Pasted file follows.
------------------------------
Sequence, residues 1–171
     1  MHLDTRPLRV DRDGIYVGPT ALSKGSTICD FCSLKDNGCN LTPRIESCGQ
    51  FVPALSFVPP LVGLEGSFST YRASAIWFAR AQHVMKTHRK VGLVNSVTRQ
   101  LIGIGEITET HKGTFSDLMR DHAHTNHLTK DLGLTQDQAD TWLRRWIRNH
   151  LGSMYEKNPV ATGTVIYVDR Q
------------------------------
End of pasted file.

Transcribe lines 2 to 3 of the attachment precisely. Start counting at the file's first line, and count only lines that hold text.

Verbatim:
     1  MHLDTRPLRV DRDGIYVGPT ALSKGSTICD FCSLKDNGCN LTPRIESCGQ
    51  FVPALSFVPP LVGLEGSFST YRASAIWFAR AQHVMKTHRK VGLVNSVTRQ